The funny thing is that said pettiness extends to actions that even negatively impact the Blues’ play on the field. It’s not often that a side gets booked twice in one match for diving (and what should’ve been a third time for Anthony Gordon flopping in front of Trent Alexander-Arnold), but it happened today. When your only hope to get a look at goal is to dive for penalties, maybe you’re better off just parking the bus and trying to limit the damage like a proper Burnley? But that might require fans who actually stick around for the entire match, unlike the crowd at Goodison, who began streaming out in the 20th minute when Mo put us up, 2-0. Remember when Jürgen bemoaned the fans leaving Anfield early during a match against Palace, saying how he felt “alone” in that moment? One can only imagine how isolated Rafa feels at this point, but you can’t say that he didn’t know what he was getting into, as he’s been on the other side of this rivalry and is the one who pointed out that Everton was a “small club” for the attitude that they took toward it. He’s not wrong. That’s why “petty” is the best word to describe the blue side of the derby.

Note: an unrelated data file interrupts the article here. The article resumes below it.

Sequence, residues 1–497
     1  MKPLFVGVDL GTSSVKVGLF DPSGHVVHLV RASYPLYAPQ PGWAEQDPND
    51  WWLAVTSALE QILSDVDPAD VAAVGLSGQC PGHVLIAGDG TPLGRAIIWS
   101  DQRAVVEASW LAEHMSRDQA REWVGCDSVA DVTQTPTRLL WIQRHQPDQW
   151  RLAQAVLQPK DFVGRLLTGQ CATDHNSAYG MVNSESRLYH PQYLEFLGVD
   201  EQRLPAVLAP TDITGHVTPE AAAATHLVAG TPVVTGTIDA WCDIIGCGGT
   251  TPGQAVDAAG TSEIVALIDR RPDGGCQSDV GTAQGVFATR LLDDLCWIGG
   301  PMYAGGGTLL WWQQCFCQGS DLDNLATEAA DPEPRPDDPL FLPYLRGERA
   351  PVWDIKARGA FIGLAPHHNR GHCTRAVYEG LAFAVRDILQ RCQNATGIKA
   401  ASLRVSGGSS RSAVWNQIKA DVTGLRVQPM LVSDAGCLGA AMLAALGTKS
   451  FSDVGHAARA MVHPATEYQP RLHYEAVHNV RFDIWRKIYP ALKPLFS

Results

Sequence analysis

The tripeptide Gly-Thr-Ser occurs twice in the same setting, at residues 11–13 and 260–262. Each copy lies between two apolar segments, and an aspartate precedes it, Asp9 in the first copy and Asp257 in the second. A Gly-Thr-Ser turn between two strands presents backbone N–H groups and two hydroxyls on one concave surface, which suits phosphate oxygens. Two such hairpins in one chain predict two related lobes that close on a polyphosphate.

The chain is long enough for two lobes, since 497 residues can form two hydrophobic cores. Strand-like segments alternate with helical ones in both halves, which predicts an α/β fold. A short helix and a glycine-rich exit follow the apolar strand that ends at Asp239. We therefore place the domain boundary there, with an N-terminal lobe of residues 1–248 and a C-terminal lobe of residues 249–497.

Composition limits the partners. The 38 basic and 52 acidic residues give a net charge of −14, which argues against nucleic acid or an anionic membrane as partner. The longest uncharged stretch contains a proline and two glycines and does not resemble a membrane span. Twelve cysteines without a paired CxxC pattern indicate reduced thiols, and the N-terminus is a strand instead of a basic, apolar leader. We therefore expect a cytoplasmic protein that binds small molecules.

I know I’m one of the old guys in the Detroit chapter and am constantly harping on how people don’t appreciate the intensity of the derby, but I can understand how after 20+ years of dominance, it doesn’t register to people who don’t remember trading league titles and FA Cups with The Ev for the latter half of the 1980s. To most modern fans, they’ve typically just been the little brother that us old guys get worked up about for some reason. But I think the injury to Virg last season lit a fire under some people, if not already among those annoyed by the behaviors of people like Richarlison (as Mike Danella pointed out today in a somehow-not-packed-to-the-gills-even-on-a-Wednesday Magee’s.) But the shamelessness on display tonight, both on the pitch and in the stands (the Gwladys Street end wouldn’t return a ball for a Liverpool corner in the first half, throwing it on to the pitch after play had already resumed, just as another example) makes it clear that the intensity of the rivalry has turned to poison for the Toffees, which is only going to make their climb back to competing for trophies an even longer and harder road. Thankfully, Liverpool are way beyond that road and it’s the positive nature of people like Captain Jordan Henderson, Mo, Virg, and the rest of the squad that have gotten us there.